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The Bookshop Strikes Back

posted on 01 Oct 2017

The Bookshop Strikes Back by Ann Patchett

You can be forgiven if, like me, this pocket-size booklet published in 2013 passed you by. These cheap and handy essays were produced to sit by the shop till and to be bought on impulse as you waited to be served. Quite often these squibs are meant to be ‘a bit of fun’ (yuk) and are essentially ephemeral.

Patchett’s is a little different though. A reprint of an essay originally written for the Atlantic Monthly, it’s the author’s piece of propaganda on behalf of independent bookshops and her extended justification of why she has taken the plunge and opened a bookshop of her own in Nashville, USA.

She opens her essay by explaining that the two big bookstores in her home town closed down in rapid succession and for reasons she found hard to fathom – both were, despite their size, seemingly profitable. As a writer she found herself without a natural location from which to sell her books but she had managed to convince herself that someone would come along and re-establish a viable bookstore in the town.

As time passed it looked less and less likely – this was, after all, the moment when popular opinion seemed to have decided the old-fashioned book had had its day and electronic media would wipe out the old dinosaur. Eventually teaming up with a putative business partner, Karen Hayes, Patchett decided to take the plunge and go into partnership.

From the outset she was completely honest about what her role would be – she clearly couldn’t commit to the practical day-to-day setting up or running of the shop but she could use her reputation to promote the shop. On top of that Patchett is well networked and she was able to use her contacts to entice guest speakers and authors prepared to do book signings.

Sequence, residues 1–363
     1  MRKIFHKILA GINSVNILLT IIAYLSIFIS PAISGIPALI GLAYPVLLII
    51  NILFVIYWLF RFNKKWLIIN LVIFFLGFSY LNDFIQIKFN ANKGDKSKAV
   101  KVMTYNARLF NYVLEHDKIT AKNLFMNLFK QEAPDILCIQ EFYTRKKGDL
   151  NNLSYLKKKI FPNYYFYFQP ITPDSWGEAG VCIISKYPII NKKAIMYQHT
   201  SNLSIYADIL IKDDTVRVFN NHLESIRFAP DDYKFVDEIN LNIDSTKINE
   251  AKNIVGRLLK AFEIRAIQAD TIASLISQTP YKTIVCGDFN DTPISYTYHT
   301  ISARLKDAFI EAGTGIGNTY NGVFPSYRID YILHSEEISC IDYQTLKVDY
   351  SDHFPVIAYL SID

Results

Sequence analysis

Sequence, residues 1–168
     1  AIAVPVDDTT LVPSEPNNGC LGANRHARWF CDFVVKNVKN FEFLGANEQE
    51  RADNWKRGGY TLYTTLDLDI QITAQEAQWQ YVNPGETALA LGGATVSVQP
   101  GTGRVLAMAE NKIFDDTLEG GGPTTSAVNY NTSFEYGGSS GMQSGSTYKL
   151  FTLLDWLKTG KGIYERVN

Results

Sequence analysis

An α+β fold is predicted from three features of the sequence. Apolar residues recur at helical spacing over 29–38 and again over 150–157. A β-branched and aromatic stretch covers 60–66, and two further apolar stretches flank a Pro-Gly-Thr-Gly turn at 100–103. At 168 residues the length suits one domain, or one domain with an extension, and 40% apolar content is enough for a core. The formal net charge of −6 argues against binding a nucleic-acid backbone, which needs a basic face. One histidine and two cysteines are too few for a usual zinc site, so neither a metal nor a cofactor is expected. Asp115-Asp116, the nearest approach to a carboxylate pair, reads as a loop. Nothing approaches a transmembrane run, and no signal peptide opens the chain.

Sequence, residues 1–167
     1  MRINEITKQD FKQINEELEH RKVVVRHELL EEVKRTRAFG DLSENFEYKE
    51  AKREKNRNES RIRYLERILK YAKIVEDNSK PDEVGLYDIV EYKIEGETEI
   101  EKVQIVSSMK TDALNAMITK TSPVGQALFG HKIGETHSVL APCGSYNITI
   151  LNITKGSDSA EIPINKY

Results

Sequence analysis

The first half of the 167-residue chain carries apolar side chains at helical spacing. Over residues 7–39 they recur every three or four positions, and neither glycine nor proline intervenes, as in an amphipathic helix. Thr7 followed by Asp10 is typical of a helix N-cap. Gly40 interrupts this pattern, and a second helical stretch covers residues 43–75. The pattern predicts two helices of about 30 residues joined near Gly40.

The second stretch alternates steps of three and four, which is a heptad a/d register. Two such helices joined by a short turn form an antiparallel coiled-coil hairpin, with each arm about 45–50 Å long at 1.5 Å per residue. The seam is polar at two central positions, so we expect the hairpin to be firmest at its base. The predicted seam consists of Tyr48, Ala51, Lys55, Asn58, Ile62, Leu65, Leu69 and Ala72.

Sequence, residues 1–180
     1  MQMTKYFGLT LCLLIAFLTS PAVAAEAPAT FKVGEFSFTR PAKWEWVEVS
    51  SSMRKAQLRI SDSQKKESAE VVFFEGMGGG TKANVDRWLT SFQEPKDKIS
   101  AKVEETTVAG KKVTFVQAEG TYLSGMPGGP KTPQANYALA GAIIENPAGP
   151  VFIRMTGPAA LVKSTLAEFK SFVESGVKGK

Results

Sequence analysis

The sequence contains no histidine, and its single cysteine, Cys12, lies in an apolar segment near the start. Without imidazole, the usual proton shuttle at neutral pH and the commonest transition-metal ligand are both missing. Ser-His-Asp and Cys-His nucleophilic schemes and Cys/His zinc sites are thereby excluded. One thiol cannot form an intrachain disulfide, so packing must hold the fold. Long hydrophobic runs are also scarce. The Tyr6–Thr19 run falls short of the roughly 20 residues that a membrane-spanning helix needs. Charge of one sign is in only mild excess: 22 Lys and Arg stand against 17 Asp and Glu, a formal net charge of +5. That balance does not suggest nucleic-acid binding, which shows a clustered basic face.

Karen was committed to the name Parnassus for her new venture but Patchett was less than convinced – she felt the name was too easy to misspell and people wouldn’t understand the classical allusion. But she gave way in the face of her partner’s evident passion and the shop was born. Karen’s organisational and logistic skills made sure the shop was kitted out ( she drove across the USA buying up shop-fittings and shelves from bankrupt Borders stores) and Patchett started her campaign of promotion and publicity.

The whole venture was all about faith and a commitment to the idea that people still want books and bookstores as long as they are genuinely community-based and built on a real love of the books they sell. But, truthfully, it wasn’t cheap to do – they budgeted for a start-up cost of $300,000 and this is a level of funding that can only be dreamed of by many people with similar aspirations.

And so, three or four years later, Parnassus is still, it seems, flourishing. Nashville has it’s bookstore and hopefully it has many years ahead of it to prove just how central independent bookstores are to every town and community.

As you’d expect from an award-winning novelist, the essay is a charming read, well written but the added bonus is that you also get the opportunity to cheer on one of the good guys and indulge yourself in a bit of proxy wish-fulfilment.

 

Terry Potter

October 2017